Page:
Heretofore, quantitative determinations of blood chemicals have been awkward and expensive and have required numerous time-consuming manipulative steps by experienced technicians. For example, in the determination of blood cholesterol by the modified method of Henly et a1. (as reported in Henry, R. J., Clinical Chemistry: Principles and Techniques, Harper and Row, New York, 1965, pp. 855-857), a technician must first measure out and combine quantities of a blood derivative (e.g. blood serum) and a solution of ferric chloride and acetic acid in a test tube. The ingredients are mixed by agitation and are set aside for -15 minutes. The test tube is then heated in a water bath for two minutes, cooled, and centrifuged to separate out precipitated protein. Into a measured quantity of the supernate is then mixed a measured amount of concentrated sulfuric acid. After again waiting for 10 minutes, the optical density of the resulting solution is photometrically measured and is correlated with the concentration of cholesterol in the blood derivative.

In similar fashion, determinations of such blood chemicals as uric acid, bilirubin, protein, glucose and urea have required such manipulative steps as measuring numerous ingredients together, preparing standard solutions immediately before use, etc.

Because of the time and skill needed for the many manipulative steps heretofore required for blood chemical analysis such as those described above, such analysis 3,733,179 Patented May 15., 1973 have been limited primarily to hospital medical laboratories.

It is an object of the present invention to provide a method and apparatus for the rapid quantitative determination of cholesterol and other diagnostically significant chemicals in blood derivatives.

It is another object of the present invention to provide a method and apparatus for the quantitative determination of cholesterol and other diagnostically significant chemicals in a blood derivative which requires few manipulative steps and minimum operator proficiency and which is simple and inexpensive.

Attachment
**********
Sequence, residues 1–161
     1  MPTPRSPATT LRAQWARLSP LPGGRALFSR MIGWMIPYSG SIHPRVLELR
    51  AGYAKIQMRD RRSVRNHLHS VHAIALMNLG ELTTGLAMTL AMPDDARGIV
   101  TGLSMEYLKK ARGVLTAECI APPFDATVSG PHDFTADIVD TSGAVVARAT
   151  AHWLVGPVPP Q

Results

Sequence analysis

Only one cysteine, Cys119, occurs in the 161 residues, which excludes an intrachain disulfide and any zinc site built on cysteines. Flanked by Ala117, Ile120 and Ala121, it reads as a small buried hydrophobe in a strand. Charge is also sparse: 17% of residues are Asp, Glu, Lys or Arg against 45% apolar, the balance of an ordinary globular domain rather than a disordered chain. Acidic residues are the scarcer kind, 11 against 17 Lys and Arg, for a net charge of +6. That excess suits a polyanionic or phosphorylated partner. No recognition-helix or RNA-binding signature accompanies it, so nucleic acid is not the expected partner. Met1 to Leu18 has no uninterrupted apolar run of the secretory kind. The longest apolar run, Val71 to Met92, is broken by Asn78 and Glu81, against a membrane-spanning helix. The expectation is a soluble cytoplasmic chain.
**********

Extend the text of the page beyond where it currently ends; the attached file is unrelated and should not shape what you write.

Briefly, the method of the present invention comprises the sequential steps of (1) providing a first container of a solution capable of extracting a blood chemical from a blood derivative to form a component capable of reacting with a test material to form a colored fluid having an optical density dependent upon the concentration of said blood chemical in said blood derivative;

(2) adding to said first container a sample of said blood derivative containing said blood chemical to form said component;

(3) providing a second container containing said test material;

(4) joining said containers With connector means having air-permeable filter means chemically resistant to and normally separating the solution of said first container and the material of said second container, said filter means when joined to one of said containers, being capable of preventing the passage therethrough of one of said component and said material under normal gravitational force and being capable of permitting passage therethrough of said one of said component and said material under a force substantially greater than normal force of gravity such as a force generated during centrifugation (e.g., up to 1500 times the normal force of gravity);

(5) centrifuging said joined containers to cause to combine the contents thereof and to form, with agitation, a colored fluid; and